Footballmatch with ‘Dogodogo Stars’

Since almost one year before my departure to Tanzania, I have already started reading literature and scientific articles about this topic. At the moment I arrived, it was time to assess all this knowledge in ‘the field’. I started with just observing what was going on. Luckily for me, shortly after my arrival I was brought by one of the staff members, Kipimo, to a general village meeting. He really took care of me, and could explain me good what was going on. Together with Ndege, the local manager, I discussed in the first week how to come in contact with the people. He had some very good ideas which helped me to present myself more to the people of Mambo. Another staff member, Amiri, brought me into contact with the younger generation of the village. He is one of the members of the local football team ‘Dogodogo Stars’, and since the first week I also became a member of this football team. Also Herman and Marion helped me a lot during some brainstorms about what is going on in the area, and provided me a clear picture of Mambo by telling about important and less important happenings.

The process

Like always, the start is the most difficult part of a research, and in the beginning I was worried about how to start. In the first two weeks, I conducted interviews with only two villagers. These two were staff members of MamboViewPoint, so I could not be satisfied. However, I also put a lot of effort in the beginning by just talking with people, participating in development projects or social activities. It turned out that by doing this, I built the foundation for a large numbers of interviews in a later phase of the research.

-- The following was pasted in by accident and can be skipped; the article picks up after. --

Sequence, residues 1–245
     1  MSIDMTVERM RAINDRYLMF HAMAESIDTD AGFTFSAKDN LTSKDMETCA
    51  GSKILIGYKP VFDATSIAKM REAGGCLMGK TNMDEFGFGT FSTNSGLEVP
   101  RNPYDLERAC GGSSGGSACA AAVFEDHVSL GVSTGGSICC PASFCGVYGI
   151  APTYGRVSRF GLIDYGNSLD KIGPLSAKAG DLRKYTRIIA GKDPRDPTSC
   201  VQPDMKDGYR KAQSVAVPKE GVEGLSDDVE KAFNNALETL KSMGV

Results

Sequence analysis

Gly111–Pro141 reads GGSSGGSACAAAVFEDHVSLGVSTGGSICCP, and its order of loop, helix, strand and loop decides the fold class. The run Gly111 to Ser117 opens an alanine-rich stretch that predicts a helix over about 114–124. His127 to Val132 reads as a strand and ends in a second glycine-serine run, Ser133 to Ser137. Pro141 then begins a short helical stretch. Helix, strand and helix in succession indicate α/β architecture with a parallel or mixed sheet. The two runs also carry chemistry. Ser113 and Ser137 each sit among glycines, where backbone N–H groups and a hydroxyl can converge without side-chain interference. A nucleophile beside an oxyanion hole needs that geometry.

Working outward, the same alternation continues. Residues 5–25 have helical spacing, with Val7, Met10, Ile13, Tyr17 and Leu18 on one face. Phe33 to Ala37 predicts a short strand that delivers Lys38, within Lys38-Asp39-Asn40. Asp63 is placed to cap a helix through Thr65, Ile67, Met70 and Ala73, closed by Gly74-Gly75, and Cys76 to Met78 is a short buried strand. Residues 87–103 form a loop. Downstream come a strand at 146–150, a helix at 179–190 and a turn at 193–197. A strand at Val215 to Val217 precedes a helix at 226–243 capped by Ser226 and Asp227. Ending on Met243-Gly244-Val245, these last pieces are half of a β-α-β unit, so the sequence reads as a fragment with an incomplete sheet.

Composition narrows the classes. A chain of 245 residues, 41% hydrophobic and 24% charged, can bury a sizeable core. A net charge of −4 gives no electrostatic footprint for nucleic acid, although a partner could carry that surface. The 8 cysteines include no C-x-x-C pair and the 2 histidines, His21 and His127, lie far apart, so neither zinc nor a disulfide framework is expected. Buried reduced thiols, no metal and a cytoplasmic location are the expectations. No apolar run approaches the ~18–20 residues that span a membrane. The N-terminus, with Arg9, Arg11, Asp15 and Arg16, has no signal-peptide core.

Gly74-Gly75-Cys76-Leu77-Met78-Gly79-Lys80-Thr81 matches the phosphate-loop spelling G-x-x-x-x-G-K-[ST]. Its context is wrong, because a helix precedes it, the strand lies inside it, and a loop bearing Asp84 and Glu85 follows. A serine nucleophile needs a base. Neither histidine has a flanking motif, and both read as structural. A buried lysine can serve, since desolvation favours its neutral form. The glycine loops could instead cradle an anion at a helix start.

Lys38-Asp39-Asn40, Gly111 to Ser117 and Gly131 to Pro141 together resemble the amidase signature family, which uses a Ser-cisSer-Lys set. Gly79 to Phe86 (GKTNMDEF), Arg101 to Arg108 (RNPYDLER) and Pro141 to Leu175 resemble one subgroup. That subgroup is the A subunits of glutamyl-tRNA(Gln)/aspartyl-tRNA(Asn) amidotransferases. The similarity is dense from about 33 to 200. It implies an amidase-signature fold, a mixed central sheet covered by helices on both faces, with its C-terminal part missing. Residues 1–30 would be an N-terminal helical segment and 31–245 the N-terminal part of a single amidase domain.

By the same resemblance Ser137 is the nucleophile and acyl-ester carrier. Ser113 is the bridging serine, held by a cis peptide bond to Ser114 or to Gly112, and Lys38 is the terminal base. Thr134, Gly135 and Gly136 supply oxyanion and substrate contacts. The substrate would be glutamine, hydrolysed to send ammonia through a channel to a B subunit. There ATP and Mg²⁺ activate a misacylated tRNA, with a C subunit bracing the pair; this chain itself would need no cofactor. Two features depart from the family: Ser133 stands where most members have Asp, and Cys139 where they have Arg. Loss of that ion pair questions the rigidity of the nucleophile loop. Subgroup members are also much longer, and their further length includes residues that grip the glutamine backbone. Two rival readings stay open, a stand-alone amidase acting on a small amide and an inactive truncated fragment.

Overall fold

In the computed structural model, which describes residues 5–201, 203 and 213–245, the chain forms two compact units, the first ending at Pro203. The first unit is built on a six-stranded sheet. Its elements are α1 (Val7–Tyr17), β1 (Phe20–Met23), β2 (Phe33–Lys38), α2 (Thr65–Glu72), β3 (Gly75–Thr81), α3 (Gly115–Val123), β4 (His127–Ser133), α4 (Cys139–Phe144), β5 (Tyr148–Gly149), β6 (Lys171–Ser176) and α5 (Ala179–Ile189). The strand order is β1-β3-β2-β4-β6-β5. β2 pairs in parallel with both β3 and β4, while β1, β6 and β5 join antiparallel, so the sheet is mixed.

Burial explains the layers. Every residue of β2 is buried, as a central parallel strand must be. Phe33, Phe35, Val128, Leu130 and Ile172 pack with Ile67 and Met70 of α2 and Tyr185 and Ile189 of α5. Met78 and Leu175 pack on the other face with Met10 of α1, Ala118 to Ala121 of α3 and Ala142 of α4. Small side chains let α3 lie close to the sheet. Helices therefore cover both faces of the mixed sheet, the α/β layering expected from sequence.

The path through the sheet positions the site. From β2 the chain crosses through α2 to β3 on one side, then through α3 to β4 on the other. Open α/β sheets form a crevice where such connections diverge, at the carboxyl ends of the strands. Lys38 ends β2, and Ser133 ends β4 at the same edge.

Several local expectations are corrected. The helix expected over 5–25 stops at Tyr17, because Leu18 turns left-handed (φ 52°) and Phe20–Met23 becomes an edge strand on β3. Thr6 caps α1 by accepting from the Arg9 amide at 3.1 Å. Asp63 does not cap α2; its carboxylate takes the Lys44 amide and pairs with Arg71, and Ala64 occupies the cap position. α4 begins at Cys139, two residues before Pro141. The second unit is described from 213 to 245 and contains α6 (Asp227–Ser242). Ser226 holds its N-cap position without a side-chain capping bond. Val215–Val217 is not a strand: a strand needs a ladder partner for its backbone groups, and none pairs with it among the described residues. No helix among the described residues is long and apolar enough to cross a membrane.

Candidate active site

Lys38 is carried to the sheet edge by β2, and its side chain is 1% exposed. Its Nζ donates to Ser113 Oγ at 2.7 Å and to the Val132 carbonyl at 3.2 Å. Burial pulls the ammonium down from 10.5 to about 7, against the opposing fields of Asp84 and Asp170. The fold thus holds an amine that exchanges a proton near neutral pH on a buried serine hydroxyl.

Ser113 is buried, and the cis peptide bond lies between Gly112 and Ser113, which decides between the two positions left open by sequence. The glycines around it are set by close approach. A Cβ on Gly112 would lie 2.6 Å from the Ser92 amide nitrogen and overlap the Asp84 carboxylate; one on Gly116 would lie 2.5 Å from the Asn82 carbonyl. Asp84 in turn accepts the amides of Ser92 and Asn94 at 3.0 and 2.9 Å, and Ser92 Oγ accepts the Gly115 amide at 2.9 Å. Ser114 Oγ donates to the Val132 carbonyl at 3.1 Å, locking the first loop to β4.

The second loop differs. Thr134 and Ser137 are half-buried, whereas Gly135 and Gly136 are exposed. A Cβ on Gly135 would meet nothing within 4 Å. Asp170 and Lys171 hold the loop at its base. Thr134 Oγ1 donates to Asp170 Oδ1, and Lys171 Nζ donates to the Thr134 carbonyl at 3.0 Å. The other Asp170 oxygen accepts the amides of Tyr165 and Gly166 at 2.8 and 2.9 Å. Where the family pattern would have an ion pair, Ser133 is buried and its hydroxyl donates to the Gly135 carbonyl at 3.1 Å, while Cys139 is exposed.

In the beginning I was struggling with finding translators. The guides of MamboViewPoint were did a good job, but they were very busy with trips for tourists which made it difficult to make appointments with people. I was very lucky that I met Hoza, who became my research assistant. I already knew him, because he was participating in a tree nursery project. It turned out that his level of English was satisfying to me, and he had good ideas on how he could help me. After his first time translating for me, I was convinced that he was the right person who was going to help me making this research a success. Thanks to him, I adjusted my goal of 25 interviews towards 30 interviews, which became in the end 33 interviews!

During my talks with the people in Mambo village and surroundings, I realized that people really enjoyed my visit. Most people experienced the interviews not only as being a passive research subject, but also as sharing knowledge in two directions. Just visiting people at their home and listen to what they think made people very happy, which get symbolized by the disappointed reactions by some people if I did not interviewed them yet. Additionally, of all the people whom I have interviewed, there was only one person who was not willing to be interviewed.

Interview with one of the villagers

The interviews and participating in meetings and social activities resulted that it was for me not possible anymore to walk in the village without meeting people. While I left for walking to the village, I heard my nickname ‘Maliki’ called by many people shouted. In the beginning of my stay I was always 10 minutes too early for an appointment, while at the end I was always 5 minutes too late for an appointment. This was because I had to greet so many people on my way.